Snowflake USB Microphone on Linux – with sample files

Today I picked up something called a Snowflake USB microphone by Blue in hopes of improving the sound quality of my screencasts. And while I haven’t had a chance to fully test it, I can say two things: First, it’s a very significant improvement on the sound I was getting from my Logitech USB headset. Second, it is not going to be without its challenges, at least for now. Let me explain.

Let’s hit the problems first. As I’ve seen on several posts on, I seem to be having this weird behaviour where the microphone captures sound fine, but when the audio is played back, it’s at half-speed. That’s only a click or two away from fixing in Audacity. I post-process my screencast audio in Audacity anyway so that’s not a deal-breaker for me. I’m not sure what the problem is, but I know I’m not the only one experiencing it. Unfortunately I have yet to find a fix for it (granted I haven’t really done much of a search yet). I’m running Crunchbang 8.10 and love it, so moving to a newer kernel isn’t an option, at least not immediately.

The other problem I have is that RecordMyDesktop (run either from the gui or commandline) does not play well with this mic. I get a repeated ‘broken pipe’ message when recording and the audio is choppy and almost indecipherable (and at half-speed as noted above). Definitely unusable. I am thinking of recording the audio separately (but at the same time) using the Gnome Sound Recorder. It seems to record the audio perfectly well (despite the half-speed problem). I’m hoping I can just launch the audio recording alongside a video-only recording by RecordMyDesktop. I always end up splitting the audio from the video anyway during my post-processing. The only additional challenge here is making sure everything is in sync in the final product.

The sound quality improvement over my Logitech USB microphone is remarkable. While there is still some background noise, when I remove it in Audacity I don’t get that underwater, over-processed effect. The sound is also much warmer and fuller than what the headset was giving me. Not a big surprise I guess. I think it will be a significant improvement to my screencasts. The microphone comes mounted to a bracket which sits on top of my laptop screen (with protective rubber pads to prevent any marking of the laptop). I was wondering about how the distance vs sound relationship would work, but I have to say that at normal speaking volume, having the mic at that distance seems to sound pretty good. The levels are a little low, so I may have to rig up an impromptu mic stand using my mini Manfrotto tripod or something if I’m not happy with the placement. The build quality is good and it comes with a nice little case that can hold the usb cable along with the microphone itself.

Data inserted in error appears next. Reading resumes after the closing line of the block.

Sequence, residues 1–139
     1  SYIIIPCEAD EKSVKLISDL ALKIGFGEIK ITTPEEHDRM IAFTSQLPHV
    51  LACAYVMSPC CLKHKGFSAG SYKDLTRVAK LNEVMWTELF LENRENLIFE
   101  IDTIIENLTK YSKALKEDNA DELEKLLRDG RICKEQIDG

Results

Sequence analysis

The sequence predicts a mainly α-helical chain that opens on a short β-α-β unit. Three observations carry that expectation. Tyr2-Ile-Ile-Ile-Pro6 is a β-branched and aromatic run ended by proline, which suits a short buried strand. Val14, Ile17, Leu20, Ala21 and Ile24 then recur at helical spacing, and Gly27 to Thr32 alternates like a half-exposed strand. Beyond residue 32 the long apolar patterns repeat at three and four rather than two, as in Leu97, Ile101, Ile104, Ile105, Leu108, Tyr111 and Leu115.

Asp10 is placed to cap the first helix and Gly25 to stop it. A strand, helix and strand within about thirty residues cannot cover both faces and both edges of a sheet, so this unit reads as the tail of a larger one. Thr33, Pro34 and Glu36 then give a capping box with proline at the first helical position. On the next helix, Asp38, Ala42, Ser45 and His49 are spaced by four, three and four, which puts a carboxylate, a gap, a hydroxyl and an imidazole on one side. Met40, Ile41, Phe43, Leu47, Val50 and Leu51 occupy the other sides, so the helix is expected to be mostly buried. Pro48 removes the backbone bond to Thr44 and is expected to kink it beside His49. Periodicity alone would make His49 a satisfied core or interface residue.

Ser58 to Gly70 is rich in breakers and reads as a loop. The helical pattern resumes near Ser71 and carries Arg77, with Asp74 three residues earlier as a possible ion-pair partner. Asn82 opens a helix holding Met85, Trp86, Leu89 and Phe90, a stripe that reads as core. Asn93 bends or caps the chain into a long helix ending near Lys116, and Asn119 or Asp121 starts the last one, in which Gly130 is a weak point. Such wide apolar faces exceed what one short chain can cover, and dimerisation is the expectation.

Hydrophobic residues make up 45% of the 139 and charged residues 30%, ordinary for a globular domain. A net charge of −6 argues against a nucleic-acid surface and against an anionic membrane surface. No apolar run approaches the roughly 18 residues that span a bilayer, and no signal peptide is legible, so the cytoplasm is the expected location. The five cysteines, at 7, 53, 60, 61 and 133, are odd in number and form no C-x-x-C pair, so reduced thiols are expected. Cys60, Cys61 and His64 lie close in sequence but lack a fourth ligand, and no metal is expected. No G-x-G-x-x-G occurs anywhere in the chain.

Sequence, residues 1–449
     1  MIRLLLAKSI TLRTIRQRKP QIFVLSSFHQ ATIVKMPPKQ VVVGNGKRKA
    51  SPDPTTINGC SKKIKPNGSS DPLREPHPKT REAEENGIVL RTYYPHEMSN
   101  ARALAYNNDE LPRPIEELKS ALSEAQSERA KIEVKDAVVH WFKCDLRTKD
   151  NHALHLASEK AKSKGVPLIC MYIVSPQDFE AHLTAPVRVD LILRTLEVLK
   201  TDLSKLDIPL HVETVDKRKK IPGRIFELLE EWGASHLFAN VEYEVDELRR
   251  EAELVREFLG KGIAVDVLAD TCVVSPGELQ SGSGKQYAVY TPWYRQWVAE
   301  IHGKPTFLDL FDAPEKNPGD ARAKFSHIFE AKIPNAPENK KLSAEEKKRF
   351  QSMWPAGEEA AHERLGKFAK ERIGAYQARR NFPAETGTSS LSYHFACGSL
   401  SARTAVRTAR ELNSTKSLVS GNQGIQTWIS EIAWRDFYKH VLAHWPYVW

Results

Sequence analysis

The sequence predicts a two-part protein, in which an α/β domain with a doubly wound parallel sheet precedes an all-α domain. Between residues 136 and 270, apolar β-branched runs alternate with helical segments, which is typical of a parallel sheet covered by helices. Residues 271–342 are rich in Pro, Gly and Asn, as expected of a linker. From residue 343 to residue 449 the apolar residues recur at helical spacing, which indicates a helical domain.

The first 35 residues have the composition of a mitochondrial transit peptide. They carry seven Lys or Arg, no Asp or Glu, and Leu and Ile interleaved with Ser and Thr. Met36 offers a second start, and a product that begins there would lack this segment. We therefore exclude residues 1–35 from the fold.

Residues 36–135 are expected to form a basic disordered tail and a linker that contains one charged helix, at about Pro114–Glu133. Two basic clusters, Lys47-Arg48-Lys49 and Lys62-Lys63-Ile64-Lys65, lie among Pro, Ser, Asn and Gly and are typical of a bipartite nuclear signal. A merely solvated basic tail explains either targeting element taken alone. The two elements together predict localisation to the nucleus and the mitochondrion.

Now I’m just hoping that recording the audio separately comes off as easy as it sounds. Time will tell, but I will definitely try a dry-run in the next few days to see how much harder the workflow is.

The only other major issue I have with my screencasting (besides coming up with good ideas and finding time to do them) is this dang mini-sized MS mouse that I use. It works fine, but the clicks seem terribly loud. Damn you Microsoft! Maybe a Logitech would be quieter. I’m either going to have to hunt down a new mouse with much more silent clicking or take this little baby apart and see if I can quiet down the switches somehow – if I don’t break it first. ;)

I’ve linked to two sample audio files I recorded. Both files were recorded using the Snowflake microphone mounted on my laptop screen about 16 inches away from my face directly in front of me. Both files were amplified slightly to raise the levels using Audacity (and sped up to eliminate the half-speed problem). The first file is the raw file, the second file is the one where I’ve removed some of the background noise.

3 thoughts on “Snowflake USB Microphone on Linux – with sample files

  1. When recording audio with Audacity, I had a problem similar to your problem; audio playback would be slow. The easiest workaround to the problem was to use mhwaveedit to record the audio. YMMV

  2. It appears to be a bug in the driver. According to the Ubuntu bug tracking site, the problem is solved in the latest upstream kernel (see posting #21). Unfortunately, since you’re running Crunchbang 8.10 you’ll probably have to compile a new kernel from source to solve the problem.

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